Lima et al. (2007) studied the influence of anatomical characteristics and chemical influence on bonding with UF resins of different Eucalyptus clones and found that vessel diameter and extractives content have an influence on the performance of the adhesives, where clones with larger vessels and lower extractive content showed better shear strength and wood failure values.
Lima et al. (2016) evaluated the quality of bonded joint of K. ivorensis planted in Brazil using resorcinol-formaldehyde, phenol-formaldehyde, and UF. UF had the lowest shear strength and wood failure among the adhesives tested, similar to this study. However, for shear strength (3.1 MPa) and wood failure (47.2%), the results were lower compared with the present study.
Armstrong et al. (2007) tested the shear strength in the glue line with UF resin of 32-year-old K. senegalensis wood planted in Australia. The samples used in this study were obtained approximately to breast height position with no sapwood. The mean value of shear strength for the solid wood was 17.3, MPa, while the mean shear value for the glued samples was 16.9, which is higher than the mean value found in the present study, and the glued samples reached 97 percent of the shear value for solid wood. This higher shear strength may be due to the age of the trees, which implies a greater amount of mature wood compared to the trees used in this study. According to Groom and Leichti (1994), younger trees have a greater proportion of juvenile wood, which decreases the physical and mechanical properties of the material.
The behavior of the adhesives found in this study are similar to studies in the literature for other species. Martins et al. (2013) studied the bonding behavior of Eucalyptus benthamii wood planted in Brazil used to manufacture edge-glued panels using PVAc and polyurethane (PUR). PAVc had a higher shear strength and higher wood failure than the PUR-based adhesives.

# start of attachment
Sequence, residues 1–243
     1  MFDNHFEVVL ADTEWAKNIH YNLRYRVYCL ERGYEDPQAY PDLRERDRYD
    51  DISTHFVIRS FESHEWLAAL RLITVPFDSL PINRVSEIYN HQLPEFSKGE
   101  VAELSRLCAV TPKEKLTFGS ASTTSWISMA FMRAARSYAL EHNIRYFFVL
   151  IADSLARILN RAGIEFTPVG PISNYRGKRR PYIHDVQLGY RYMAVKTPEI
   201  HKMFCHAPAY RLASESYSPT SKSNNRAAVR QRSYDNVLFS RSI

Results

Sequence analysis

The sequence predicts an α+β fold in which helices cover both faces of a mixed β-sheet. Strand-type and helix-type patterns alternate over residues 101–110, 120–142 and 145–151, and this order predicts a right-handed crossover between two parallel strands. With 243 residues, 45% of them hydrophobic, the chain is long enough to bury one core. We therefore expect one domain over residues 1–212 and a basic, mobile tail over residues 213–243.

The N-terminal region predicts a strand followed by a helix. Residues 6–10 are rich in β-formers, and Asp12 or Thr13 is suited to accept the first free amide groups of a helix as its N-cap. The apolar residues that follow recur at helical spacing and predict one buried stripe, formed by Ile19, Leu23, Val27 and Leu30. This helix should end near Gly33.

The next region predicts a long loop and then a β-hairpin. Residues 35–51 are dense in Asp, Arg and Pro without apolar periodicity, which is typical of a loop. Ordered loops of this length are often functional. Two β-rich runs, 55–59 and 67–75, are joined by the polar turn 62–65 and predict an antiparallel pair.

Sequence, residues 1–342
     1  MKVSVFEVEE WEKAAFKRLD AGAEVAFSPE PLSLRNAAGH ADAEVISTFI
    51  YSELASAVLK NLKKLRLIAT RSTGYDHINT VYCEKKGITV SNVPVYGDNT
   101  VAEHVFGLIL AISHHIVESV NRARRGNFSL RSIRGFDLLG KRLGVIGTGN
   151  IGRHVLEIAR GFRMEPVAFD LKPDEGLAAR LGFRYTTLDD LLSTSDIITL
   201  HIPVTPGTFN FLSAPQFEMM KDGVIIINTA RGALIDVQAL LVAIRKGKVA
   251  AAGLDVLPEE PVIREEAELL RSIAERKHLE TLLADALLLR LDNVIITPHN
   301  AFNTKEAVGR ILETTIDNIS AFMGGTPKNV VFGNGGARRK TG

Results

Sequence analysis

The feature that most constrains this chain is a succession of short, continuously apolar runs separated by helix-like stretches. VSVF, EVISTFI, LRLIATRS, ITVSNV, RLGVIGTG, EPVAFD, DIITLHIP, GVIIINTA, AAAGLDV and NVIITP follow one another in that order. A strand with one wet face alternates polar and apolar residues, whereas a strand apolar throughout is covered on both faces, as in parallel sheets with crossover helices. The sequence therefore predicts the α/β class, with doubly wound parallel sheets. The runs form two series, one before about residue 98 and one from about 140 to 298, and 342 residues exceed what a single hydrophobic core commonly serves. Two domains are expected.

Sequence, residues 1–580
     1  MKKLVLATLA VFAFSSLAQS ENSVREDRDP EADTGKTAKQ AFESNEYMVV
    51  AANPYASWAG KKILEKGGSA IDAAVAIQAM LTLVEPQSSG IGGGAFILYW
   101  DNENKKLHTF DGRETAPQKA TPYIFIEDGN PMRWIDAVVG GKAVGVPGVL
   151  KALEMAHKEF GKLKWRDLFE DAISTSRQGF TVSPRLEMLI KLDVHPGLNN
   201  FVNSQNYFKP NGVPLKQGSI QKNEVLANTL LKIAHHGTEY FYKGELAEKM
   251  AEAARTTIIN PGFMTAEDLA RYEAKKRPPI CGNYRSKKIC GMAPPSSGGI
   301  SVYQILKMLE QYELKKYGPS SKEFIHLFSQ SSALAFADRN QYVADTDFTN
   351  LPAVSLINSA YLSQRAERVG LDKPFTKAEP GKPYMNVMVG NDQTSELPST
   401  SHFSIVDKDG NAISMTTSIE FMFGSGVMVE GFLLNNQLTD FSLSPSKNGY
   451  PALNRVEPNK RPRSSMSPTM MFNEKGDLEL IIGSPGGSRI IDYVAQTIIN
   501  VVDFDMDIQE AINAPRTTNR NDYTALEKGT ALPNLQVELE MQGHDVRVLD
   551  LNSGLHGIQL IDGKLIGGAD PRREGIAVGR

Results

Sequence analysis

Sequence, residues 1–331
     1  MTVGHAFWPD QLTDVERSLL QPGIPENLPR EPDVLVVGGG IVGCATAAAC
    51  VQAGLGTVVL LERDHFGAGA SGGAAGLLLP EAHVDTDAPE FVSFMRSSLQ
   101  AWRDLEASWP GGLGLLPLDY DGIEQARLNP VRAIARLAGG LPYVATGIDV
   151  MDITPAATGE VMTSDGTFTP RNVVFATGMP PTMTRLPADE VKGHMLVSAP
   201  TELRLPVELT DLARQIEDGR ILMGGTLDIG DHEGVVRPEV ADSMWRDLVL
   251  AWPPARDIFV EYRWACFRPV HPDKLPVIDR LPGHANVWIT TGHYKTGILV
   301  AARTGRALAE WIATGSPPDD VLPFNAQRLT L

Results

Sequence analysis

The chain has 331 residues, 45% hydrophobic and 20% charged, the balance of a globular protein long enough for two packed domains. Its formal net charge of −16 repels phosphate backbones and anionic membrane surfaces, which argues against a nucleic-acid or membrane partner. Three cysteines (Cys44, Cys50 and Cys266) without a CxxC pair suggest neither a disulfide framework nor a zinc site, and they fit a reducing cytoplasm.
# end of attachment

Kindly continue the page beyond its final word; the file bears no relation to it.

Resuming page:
Motta et al. (2014) evaluated shear strength of bonded joints using UF and PVAc for 15-year-old teakwood planted in Brazil. Similar to this study, PVAc had the highest glue line shear strength compared with the other adhesives tested. Wang et al. (2012) evaluated the behavior of Picea abies exposed to temperatures between 20°C and 60°C with four different adhesives (PUR, PVAc, EPI, and MUF). PVAc also showed the best results for all temperatures and adhesives.
This study investigated the shear strength and wood failure of K. ivorensis and K. senegalensis wood planted in Brazil. The results of this study show the following.
The adhesive PVAc yielded a higher shear strength mean value for both species tested.
For K. ivorensis, the adhesives MUF, EPI, and PVAc reached the minimum shear strength value stipulated by the standard.
For K. senegalensis, PVAc was the only adhesive that reached the minimum shear strength value stipulated by the standard.
The K. ivorensis glued joints with PVAc was the only adhesive to have a shear strength value inside the range for solid wood.
There was no significant difference in shear strength mean value between species for MUF, where K. senegalensis was significantly higher than K. ivorensis.
MUF and PVAc were significantly higher in wood failure for K. ivorensis wood.
MUF was significantly higher in wood failure for K. senegalensis wood.
For K. ivorensis, all adhesives tested reached the minimum wood failure value required by the standard.
For K. senegalensis, MUF and PVAc reached the minimum wood failure value required by the standard.
The authors would like to thank the Universidade Federal do Espírito Santo (Brazil) for test facilities and VALE S.A. (Brazil) for providing wood samples and financial support for the study.
The authors are, respectively, Assistant Professor, Dept. of Sustainable Bioproducts, Mississippi State Univ., Starkville (email@example.com [corresponding author]); Graduate Student, Dept. of Forestry and Wood Sci., Federal Univ. of Espírito Santo, Jerônimo Monteiro, Brazil (firstname.lastname@example.org); Assistant Research Professor, Dept. of Sustainable Bioproducts, Mississippi State Univ., Starkville (email@example.com); Adjunct Professor IV, Dept. of Agric. Sci., Federal Univ. of São João del-Rei, São João del-Rei, Brazil (firstname.lastname@example.org); and Adjunct Professor IV, Dept. of Forestry and Wood Sci., Federal Univ. of Espírito Santo, Jerônimo Monteiro, Brazil (email@example.com). Approved as Journal Article SB 930, Forest and Wildlife Research Center, Mississippi State Univ. This paper was received for publication in February 2018. Article no. 18‐00003.